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Assam chief minister will put forth stand on citizenship bill after NRC update

The Bill essentially proposes to make minority (non-Muslim) illegal immigrants from three neighbouring countries — Bangladesh, Afghanistan and Pakistan — eligible for Indian citizenship.

Written by Abhishek Saha | Guwahati |
Updated: May 25, 2018 8:54:08 am
CM: Assam will put forth stand after NRC update Assam CM Sarbananda Sonowal. (Express Photo by Vignesh Krishnamoorthy)

The Assam government will put forth its stand on the Citizenship (Amendment) Bill 2016, which has led to a wave of protests in the state, only after updation of the National Register of Citizens (NRC) is completed, Chief Minister Sarbananda Sonowal said on Thursday.

He was speaking at a press meet called to highlight achievements of the BJP government in the state, which completed two years on Thursday.

“Let NRC be completed, then immediately state government will express its view. And I assure you, the state government will not take any decision which will go against the interest of the people of Assam,” Sonowal said.

Assam has witnessed a series of protests over the Citizenship (Amendment) Bill 2016. While the Brahmaputra Valley has seen protests opposing the Bill, the Barak Valley has witnessed demonstrations in its support. The Bill essentially proposes to make minority (non-Muslim) illegal immigrants from three neighbouring countries — Bangladesh, Afghanistan and Pakistan — eligible for Indian citizenship.

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The NRC, which is being updated to identify illegal immigrants in Assam, was first prepared in 1951. It is now being “updated to include the names of those persons (or their descendants) who appear in the 1951 NRC or in any of the Electoral Rolls or in any one of the other admissible documents issued upto midnight of March 24, 1971, which would prove their presence in Assam or in any part of India on or before March 24, 1971”.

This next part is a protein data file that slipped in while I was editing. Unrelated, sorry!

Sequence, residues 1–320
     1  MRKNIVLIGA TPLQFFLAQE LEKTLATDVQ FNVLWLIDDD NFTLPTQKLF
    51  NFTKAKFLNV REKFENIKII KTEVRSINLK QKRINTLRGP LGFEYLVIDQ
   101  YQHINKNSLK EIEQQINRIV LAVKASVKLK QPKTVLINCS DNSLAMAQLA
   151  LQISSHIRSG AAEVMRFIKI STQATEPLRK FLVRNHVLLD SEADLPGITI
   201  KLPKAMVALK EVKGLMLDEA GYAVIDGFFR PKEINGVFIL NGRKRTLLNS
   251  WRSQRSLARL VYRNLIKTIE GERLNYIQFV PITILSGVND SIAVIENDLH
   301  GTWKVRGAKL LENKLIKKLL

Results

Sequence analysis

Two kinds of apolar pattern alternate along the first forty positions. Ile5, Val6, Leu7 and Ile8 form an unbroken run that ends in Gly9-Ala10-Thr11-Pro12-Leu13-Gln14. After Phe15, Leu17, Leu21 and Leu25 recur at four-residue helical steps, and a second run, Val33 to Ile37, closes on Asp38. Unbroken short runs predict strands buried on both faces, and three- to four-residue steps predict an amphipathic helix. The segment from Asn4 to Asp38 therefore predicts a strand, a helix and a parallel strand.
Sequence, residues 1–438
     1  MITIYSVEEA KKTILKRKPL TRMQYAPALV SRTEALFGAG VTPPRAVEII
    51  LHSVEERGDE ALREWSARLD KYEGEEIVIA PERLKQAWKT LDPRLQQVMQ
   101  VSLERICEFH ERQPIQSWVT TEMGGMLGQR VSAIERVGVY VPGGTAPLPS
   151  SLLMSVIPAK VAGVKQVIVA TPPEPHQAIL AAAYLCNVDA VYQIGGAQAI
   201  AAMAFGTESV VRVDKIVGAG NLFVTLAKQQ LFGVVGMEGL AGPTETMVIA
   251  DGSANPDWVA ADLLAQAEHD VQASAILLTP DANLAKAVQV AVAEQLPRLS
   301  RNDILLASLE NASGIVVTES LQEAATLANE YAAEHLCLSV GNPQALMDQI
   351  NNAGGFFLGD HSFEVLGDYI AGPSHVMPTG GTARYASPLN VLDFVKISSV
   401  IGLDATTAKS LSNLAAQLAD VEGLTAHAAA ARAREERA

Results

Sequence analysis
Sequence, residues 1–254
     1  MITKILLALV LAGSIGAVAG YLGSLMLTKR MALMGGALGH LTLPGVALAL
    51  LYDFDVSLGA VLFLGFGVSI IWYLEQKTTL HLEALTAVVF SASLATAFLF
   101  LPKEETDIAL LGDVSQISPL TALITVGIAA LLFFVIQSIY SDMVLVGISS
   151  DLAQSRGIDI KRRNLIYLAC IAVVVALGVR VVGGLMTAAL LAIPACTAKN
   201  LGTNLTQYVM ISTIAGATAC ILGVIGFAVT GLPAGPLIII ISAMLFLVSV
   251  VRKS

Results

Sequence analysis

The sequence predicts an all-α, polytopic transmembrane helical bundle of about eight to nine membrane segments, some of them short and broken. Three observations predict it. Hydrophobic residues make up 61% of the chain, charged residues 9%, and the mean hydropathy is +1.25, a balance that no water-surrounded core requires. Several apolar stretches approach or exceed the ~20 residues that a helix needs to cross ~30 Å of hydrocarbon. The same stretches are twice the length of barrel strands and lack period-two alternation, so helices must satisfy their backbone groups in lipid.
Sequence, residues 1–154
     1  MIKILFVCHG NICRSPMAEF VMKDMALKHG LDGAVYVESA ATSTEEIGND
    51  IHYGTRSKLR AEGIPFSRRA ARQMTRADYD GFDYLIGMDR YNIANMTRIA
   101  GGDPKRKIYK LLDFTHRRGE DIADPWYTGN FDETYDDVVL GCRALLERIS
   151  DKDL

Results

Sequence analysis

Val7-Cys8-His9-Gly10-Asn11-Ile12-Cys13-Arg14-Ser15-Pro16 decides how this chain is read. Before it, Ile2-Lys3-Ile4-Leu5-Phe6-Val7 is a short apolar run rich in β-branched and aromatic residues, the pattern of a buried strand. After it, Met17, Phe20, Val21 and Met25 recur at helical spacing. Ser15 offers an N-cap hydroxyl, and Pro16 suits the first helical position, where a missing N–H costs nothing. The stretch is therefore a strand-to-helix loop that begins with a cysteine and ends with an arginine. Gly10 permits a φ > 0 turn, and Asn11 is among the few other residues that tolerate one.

Prateek Hajela, NRC state coordinator, told The Indian Express that the process of updating NRC is on schedule and the protests will not have any effect on it.

“We have a definite system. Whatever political statements are made, our systems are really not getting affected by it. In so far as our work is concerned, it is an objective kind of a work, carried out by officials who have clear guidelines,” said Hajela.

The deadline for preparing the final draft of the NRC has been set by the Supreme Court as June 30. The first draft – that verified 1.9 crore people out of the 3.29 crore who applied as legal citizens of India – was published on the midnight of January 1.

“Within June 30, we are required to complete all our works for the draft and we are on time for that,” Hajela said. He, however, refused to speculate on the number of people expected to be left out of the final draft. “Figures of people left out of the register will come out only at the time of the publication. I cannot speculate before that.”

In the press meet, the CM appealed to people of the state to cooperate for the successful completion of the updation of the NRC. Sonowal emphasised that no state in India has an updated NRC — Assam will be the first and only state in the country to have so.

But, what happens to those who do not make it to the citizens’ register is a question for many in Assam.

Hajela said, “This is a draft that we will be publishing first. After that, people have a right to file claims and objections — claims will be filed by those whose names do not appear and objections will be filed against people whose names appear on the list.”

The time to file claims and objections is one month after publication of the final draft. After that, the NRC authorities will settle claims and objections, following which the final NRC will be released.

“Once all claims and objections are disposed then we will get the final list of persons who could make it and who could not make it to the NRC —that means they could not prove their citizenship in front of NRC authorities. People excluded have a right to go to the foreigners tribunals with an appeal against my system. My scope of work ends there,” Hajela said.

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